Ownership and Experience
Other than an engineering graduate who we hired in the last year, every employee at LCTF has been with the company at least five years, and all of them own a portion of the company. The two founding partners have a combined experience in the field of 50 some years. We take great pride in our team, and when we do welcome new hires, we look for experienced timber framers who want to be a part of the “family”.
Awards and Accomplishments
Our work has been recognized by local, state, national, and international awards. (Go to our awards page) It has graced the covers of half a dozen magazines and has been featured in numerous publications. (Go to our publications page) One of our projects was even made the focus of an HGTV “Dream House” series. We’ve written most of articles on timber frame hybrids as well as a book on the subject.
Many of our business partners — general contractors and architects — have been working with us for quite a few years. Having the chance to develop a relationship of trust and a spirit of collaboration is one of the most rewarding parts of what we do, and makes every repeat project a pleasure, even if thorny problems arise.
Notable Projects and Clients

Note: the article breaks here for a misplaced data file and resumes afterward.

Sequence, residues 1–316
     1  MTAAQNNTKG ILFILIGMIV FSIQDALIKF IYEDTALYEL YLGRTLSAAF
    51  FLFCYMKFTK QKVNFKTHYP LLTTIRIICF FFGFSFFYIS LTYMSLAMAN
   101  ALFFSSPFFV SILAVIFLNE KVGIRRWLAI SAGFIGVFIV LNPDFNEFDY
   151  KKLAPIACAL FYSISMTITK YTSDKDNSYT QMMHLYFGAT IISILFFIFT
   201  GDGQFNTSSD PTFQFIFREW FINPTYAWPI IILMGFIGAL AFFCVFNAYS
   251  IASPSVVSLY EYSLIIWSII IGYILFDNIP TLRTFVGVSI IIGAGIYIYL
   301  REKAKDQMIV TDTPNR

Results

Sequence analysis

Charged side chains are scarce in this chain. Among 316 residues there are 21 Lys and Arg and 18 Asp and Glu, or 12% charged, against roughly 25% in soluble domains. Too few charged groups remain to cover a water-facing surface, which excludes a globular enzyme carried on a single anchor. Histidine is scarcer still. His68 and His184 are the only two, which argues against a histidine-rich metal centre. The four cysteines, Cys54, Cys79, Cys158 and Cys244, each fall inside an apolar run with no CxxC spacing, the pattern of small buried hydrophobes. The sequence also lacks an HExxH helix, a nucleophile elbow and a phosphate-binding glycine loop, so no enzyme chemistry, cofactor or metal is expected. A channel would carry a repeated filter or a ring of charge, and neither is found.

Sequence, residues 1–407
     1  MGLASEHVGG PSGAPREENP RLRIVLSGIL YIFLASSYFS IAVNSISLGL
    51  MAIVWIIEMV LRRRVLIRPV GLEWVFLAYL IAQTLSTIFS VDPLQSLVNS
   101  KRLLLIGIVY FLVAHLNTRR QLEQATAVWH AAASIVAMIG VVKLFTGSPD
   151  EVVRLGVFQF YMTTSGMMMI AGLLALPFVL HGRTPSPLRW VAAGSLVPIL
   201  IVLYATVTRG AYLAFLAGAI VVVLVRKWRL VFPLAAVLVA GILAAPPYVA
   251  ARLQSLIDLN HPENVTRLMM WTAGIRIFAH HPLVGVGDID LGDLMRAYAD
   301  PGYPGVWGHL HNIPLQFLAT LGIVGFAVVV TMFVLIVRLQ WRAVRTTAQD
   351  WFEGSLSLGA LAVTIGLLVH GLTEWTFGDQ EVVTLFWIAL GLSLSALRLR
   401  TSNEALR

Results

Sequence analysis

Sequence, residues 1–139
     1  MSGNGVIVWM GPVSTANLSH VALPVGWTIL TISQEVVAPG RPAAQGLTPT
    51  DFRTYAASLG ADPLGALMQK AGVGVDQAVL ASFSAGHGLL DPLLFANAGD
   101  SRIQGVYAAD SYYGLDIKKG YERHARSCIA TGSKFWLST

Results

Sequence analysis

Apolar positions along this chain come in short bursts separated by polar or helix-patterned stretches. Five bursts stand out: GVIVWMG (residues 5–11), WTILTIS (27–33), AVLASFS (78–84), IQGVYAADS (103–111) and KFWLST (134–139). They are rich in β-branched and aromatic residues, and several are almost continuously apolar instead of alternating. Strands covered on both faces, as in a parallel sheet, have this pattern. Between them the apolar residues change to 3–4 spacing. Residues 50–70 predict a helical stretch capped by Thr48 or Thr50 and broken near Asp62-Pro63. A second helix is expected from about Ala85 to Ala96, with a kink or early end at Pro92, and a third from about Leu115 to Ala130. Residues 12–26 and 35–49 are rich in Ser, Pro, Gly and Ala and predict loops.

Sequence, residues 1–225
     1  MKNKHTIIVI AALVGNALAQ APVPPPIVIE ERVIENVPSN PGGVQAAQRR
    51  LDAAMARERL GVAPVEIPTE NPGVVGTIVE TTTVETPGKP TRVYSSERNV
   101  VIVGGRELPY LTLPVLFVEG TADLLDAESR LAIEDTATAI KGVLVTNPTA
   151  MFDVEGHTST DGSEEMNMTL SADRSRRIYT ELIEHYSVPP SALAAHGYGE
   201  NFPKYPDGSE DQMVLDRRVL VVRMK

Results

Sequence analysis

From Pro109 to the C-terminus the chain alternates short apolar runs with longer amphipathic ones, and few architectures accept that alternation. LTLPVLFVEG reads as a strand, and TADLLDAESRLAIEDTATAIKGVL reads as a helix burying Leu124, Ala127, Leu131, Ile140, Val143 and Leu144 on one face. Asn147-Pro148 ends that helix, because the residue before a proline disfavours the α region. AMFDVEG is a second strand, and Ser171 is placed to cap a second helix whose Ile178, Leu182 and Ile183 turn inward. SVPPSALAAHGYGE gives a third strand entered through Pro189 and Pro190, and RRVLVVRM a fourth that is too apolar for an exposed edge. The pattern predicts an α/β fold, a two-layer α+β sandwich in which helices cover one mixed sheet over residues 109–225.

We approach every project we do with the same passion and commitment to quality. Occasionally, though, we’re honored to participate in a project of note, whether because of the scale or the level of complexity or architectural originality, because of how conspicuous the project ends up being, or the celebrity of the client. Here’s a list of some of our notable projects and clients:
- The Clubhouse at Pine Barrens Country Club, Lakehurst, New Jersey
- The Wedge Restaurant at Liberty Forge Golf Course, Mechanicsburg, Pennsylvania
- The Longenberger Barn, Frazeysburg, Ohio
- St. Mary’s Catholic Church, Johnson City, Tennessee
- Notaviva Vineyard, Purcellville, Virginia
- The Three Season Room at Gulph Mills Country Club, King of Prussia, Pennsylvania
- The Gettysburg Battlefield Museum and Visitors’ Center, Gettysburg, Pennsylvania
- The River Restaurant and Brewery, Radford, Virginia
- The Great Harbor Yacht Club, Nantucket, Massachusetts
- The I-70 Visitors’ Center, Frederick, Maryland
- Doug Allen, Weatherman at WGAL (NBC affiliate)
- Dallas Green, Philadelphia Phillies
- Prosser Mellon, Patriarch of the Mellon Family
- Rusty Leaver, Owner of the Country’s Oldest Cattle Ranch (Founded 1638)
- Arnold Palmer, Golfer
- Bob Wright, President of NBC
- Jim Johnson, Patriarch of the Family that Founded the Johnson & Johnson Company
A company like ours is a part of the whole social fabric, and we believe that giving something back to the society should be an integral part of the way we do business. One piece of this is our commitment to environmental responsibility. All of our timber materials are harvested from sustainably managed forests. The same forest products companies that supply Forest Stewardship Council materials supply us. We use only low VOC finishes, and optimize our production and material usage to save on waste.
We donate our timber off-cuts to some of our needy neighbors for firewood to heat their homes. We frequently donate money, our time, and materials to Habitat for Humanity. And we’ve been contributing to the Child Fund International for over a decade, as well as recently becoming a sponsor of the SPCA.